Join the Windows domain MEGANET. Use the domain administrator username root and the SMB password you assigned to this account. A detailed step-by-step procedure for joining a Windows 200x/XP Professional client to a Windows domain is given in Chapter 15, "A Collection of Useful Tidbits", Section 15.1. Reboot the machine as prompted and then log on using the domain administrator account (root).

Example 4.3.3. Common Samba Configuration File: /etc/samba/common.conf
[global]         username map = /etc/samba/smbusers         log level = 1         syslog = 0         log file = /var/log/samba/%m         max log size = 50         smb ports = 139         name resolve order = wins bcast hosts         time server = Yes         printcap name = CUPS         show add printer wizard = No         shutdown script = /var/lib/samba/scripts/shutdown .sh         abort shutdown script = /sbin/shutdown c         utmp = Yes         map acl inherit = Yes         printing = cups         veto files = /*.eml/*.nws/*.{*}/         veto oplock files = /*.doc/*.xls/*.mdb/         include = # Share and Service Definitions are common to all servers [printers]         comment = SMB Print Spool         path = /var/spool/samba         guest ok = Yes         printable = Yes         use client driver = Yes         default devmode = Yes         browseable = No [apps]         comment = Application Files         path = /apps         admin users = bjordan         read only = No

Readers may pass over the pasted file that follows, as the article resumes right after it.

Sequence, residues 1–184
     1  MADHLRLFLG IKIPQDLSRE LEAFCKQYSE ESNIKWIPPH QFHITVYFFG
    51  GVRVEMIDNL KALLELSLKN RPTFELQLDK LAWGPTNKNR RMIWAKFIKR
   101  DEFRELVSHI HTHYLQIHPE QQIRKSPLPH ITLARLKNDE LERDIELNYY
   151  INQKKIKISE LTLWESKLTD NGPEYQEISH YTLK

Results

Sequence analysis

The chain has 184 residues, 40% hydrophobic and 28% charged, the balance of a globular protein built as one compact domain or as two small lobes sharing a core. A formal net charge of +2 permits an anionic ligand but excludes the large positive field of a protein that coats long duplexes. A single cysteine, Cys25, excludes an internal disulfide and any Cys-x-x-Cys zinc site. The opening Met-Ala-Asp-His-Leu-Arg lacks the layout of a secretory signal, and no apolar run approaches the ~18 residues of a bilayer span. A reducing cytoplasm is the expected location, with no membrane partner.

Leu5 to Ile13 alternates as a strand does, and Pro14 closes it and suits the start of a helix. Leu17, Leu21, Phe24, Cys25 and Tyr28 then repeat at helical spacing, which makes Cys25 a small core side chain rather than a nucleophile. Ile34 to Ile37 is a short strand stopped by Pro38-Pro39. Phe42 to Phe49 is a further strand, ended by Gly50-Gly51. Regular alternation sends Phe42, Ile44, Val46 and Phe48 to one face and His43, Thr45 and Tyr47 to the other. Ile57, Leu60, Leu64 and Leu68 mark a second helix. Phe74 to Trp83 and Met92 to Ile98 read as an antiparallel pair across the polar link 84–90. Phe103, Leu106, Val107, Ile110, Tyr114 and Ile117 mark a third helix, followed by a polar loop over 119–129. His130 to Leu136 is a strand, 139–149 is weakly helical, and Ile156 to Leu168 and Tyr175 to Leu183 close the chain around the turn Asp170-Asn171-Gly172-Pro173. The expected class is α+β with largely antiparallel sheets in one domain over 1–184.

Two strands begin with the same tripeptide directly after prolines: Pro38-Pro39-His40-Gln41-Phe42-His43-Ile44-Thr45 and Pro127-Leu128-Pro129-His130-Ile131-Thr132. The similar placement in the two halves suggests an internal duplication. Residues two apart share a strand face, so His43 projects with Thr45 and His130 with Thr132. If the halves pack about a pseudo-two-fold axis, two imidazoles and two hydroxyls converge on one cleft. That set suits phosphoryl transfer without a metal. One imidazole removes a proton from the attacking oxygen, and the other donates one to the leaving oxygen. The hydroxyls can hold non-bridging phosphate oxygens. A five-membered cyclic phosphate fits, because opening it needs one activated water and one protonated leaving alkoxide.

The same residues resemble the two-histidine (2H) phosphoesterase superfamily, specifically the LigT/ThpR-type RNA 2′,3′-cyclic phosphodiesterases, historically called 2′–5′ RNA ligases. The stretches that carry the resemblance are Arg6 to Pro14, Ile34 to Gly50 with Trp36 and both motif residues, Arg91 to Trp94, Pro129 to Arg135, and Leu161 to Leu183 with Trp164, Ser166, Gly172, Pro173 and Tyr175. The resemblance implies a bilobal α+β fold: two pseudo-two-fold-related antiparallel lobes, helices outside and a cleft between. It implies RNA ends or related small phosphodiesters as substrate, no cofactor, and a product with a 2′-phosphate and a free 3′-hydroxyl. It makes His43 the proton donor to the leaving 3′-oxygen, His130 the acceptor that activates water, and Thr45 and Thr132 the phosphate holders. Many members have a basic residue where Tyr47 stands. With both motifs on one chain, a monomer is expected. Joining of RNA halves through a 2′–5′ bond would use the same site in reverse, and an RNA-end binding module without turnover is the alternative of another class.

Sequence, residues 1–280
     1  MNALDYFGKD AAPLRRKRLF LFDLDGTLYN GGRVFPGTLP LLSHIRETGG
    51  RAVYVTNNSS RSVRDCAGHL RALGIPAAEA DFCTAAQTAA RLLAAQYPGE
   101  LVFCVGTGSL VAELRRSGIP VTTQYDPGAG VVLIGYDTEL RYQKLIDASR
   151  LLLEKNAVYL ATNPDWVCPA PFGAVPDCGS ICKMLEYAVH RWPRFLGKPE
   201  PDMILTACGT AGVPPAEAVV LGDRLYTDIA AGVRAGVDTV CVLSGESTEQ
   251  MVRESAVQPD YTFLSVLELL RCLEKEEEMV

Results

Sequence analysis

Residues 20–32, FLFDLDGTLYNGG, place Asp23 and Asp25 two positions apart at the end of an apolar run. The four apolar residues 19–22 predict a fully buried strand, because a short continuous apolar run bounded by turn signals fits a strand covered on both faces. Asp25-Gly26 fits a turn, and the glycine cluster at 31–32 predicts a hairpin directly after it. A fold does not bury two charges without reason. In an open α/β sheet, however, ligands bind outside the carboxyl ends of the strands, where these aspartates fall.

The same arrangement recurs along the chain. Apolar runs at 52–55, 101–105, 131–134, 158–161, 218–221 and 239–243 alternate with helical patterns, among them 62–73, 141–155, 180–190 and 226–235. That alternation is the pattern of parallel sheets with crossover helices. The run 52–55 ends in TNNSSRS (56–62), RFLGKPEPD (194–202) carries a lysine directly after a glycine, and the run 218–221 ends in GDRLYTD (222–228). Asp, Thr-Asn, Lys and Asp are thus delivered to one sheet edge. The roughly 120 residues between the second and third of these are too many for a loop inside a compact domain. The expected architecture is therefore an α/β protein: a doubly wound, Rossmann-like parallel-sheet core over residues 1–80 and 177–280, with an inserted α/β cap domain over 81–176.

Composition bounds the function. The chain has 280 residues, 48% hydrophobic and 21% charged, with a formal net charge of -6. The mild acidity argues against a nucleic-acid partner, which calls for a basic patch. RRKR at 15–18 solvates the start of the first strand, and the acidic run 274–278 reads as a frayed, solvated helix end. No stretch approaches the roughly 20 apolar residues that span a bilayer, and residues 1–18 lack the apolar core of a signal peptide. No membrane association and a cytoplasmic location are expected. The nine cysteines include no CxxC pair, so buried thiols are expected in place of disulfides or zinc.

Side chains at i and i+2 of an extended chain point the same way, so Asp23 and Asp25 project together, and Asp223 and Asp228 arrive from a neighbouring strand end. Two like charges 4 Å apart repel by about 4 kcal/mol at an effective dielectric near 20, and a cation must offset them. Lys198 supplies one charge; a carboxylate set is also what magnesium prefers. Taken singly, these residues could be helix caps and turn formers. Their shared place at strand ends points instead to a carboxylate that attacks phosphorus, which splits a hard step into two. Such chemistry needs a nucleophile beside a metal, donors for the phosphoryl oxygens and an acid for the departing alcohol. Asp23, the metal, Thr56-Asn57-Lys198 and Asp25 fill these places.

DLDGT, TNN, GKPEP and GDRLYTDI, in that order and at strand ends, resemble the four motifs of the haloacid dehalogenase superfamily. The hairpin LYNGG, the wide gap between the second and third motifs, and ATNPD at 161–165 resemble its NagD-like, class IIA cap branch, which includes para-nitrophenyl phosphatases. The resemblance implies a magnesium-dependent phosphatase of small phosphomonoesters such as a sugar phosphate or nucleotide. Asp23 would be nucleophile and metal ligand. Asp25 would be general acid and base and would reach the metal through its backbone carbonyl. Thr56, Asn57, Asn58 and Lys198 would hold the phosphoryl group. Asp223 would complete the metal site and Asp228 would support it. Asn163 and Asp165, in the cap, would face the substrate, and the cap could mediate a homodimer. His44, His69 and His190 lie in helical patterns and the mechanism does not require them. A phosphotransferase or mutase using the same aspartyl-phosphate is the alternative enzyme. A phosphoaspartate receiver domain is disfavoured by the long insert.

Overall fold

3.

Verify that the server called MEGANET is visible in My Network Places, that it is possible to connect to it and see the shares accounts, apps, and finsvcs, and that it is possible to open each share to reveal its contents.

4.

Create a drive mapping to the apps share on a server. At this time, it does not particularly matter which application server is used. It is necessary to manually set a persistent drive mapping to the local applications server on each workstation at the time of installation. This step is avoided by the improvements to the design of the network configuration in the next chapter.

5.

Perform an administrative installation of each application to be used. Select the options that you wish to use. Of course, you choose to run applications over the network, correct?

Example 4.3.4. Server: BLDG1 (Member), File: smb.conf
# Global parameters  [global]         workgroup = MEGANET         netbios name = BLDG1         include = /etc/samba/dommem.conf 

Example 4.3.5. Server: BLDG2 (Member), File: smb.conf
# Global parameters  [global]         workgroup = MEGANET         netbios name = BLDG2         include = /etc/samba/dommem.conf 

Example 4.3.6. Common Domain Member Include File: dom-mem.conf
# Global parameters  [global]         shutdown script = /var/lib/samba/scripts/shutdown .sh         abort shutdown script = /sbin/shutdown c         preferred master = Yes         wins server = 172.16.0.1         idmap uid = 1500020000         idmap gid = 1500020000         include = /etc/samba/common.conf 

6.

Now install all applications to be installed locally. Typical tools include Adobe Acrobat, NTP-based time synchronization software, drivers for specific local devices such as fingerprint scanners, and the like. Probably the most significant application to be locally installed is antivirus software.

7.